As the United States Postal Service (USPS) meets with key leaders this week to discuss its future, a new survey by Catalog Choice - a TrustedID company and the nation’s largest mail preference service - finds that over 80 percent of consumers would not mind having mail delivery reduced to five days per week. Empowered with feedback from over 18,000 consumers, Chuck Teller, Chief Strategy Officer for TrustedID, arrives in Washington, D.C. today to represent the voice of postal consumers everywhere and deliver survey findings at PostalVision 2020/2.0 - a meeting of USPS leaders and industry experts.
The survey’s overwhelming response sparked a range of ideas about postal reform including:
Consumers prefer to receive personal correspondence and packages in the mail:
- About 90 percent of consumers prefer to receive personal correspondence and packages
- Only 20 percent of consumers prefer to receive local company advertising and less than 2 percent prefer to receive non-local advertising
- Only 7 percent of consumers prefer to receive non-profit and political solicitations in the mail
Consumers have indicated they are comfortable with mail delivery five days per week:
- Over 80 percent of consumers are “definitely or probably ok” with mail delivery five days per week, with the number dropping significantly to just over 50 percent for mail delivery four days per week
- Over 90 percent of consumers would be inconvenienced if mail delivery was reduced to two days per week
Key feedback on services the Postal service could deliver:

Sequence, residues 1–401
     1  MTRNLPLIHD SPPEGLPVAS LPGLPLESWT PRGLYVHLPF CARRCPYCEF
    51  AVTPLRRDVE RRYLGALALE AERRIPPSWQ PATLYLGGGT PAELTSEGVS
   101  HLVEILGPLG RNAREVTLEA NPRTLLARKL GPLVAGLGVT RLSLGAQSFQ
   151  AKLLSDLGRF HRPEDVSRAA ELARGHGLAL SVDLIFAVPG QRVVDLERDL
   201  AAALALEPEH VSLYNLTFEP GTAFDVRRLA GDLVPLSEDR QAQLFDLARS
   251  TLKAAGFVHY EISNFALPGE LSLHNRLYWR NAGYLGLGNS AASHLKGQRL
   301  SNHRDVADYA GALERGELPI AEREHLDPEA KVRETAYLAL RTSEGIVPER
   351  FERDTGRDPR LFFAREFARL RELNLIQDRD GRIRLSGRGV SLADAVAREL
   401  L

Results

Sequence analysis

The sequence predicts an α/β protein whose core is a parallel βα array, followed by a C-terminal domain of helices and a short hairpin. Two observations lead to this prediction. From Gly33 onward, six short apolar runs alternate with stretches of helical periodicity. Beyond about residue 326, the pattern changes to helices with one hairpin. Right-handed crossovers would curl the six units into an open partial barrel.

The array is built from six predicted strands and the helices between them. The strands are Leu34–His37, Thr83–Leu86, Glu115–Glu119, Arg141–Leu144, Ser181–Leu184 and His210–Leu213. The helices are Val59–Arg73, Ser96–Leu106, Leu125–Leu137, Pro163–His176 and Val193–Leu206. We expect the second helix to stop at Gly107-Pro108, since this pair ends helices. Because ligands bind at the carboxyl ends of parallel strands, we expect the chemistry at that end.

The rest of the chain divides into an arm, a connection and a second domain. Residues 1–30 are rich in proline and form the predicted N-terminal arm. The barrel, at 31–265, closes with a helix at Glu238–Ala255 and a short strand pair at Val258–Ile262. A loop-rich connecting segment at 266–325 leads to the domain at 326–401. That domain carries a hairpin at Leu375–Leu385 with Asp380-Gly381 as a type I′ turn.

- Over 65 percent of consumers think that the USPS should create a website to access all government forms like DMV, passport, taxes, etc.
- Over 30 percent are willing to pay a monthly fee to not receive advertising in the mail
- Over 50 percent of consumers think that the USPS should leverage the fact that postal workers are at their homes on a daily basis and set up a recycling pick-up service to take away old cell phones, batteries, light bulbs, etc.
“In order for the United States Postal Service to remain viable, it must listen to the needs of postal consumers across the country and adapt,” said Teller. “Citizens care about the long term viability of the USPS and they are actively engaging in sharing their vision for the USPS. Our survey results clearly indicate that people don’t want mail that isn’t intended for them and they don’t mind reduced mail delivery to make that possible.”
Catalog Choice works with consumers, companies and communities around the country to eliminate unwanted mail. During PostalVision 2020/2.0, consumers can continue the conversation about the role and future of the USPS by responding to live questions from the Conference through either Catalog Choice’s Twitter account or Facebook page.
Conducted online, the survey questioned a national sample of over 18,000 Americans. Polling took place between June 6 and June 11, 2012.